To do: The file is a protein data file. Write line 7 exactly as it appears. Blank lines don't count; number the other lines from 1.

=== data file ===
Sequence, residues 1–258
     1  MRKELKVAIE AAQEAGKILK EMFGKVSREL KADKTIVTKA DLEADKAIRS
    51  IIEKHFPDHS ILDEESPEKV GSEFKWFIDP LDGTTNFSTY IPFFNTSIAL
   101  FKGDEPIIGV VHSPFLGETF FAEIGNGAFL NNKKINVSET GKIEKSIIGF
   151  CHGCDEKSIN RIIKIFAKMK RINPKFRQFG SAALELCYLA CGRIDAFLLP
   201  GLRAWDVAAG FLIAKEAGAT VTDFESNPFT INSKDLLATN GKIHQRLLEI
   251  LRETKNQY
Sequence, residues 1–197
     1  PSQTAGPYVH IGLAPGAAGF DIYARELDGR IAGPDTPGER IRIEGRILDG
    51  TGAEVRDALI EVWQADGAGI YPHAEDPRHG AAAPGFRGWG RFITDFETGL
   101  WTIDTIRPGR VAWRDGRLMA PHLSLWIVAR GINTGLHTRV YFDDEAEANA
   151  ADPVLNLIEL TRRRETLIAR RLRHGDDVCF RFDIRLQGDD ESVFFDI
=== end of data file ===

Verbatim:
   251  LRETKNQY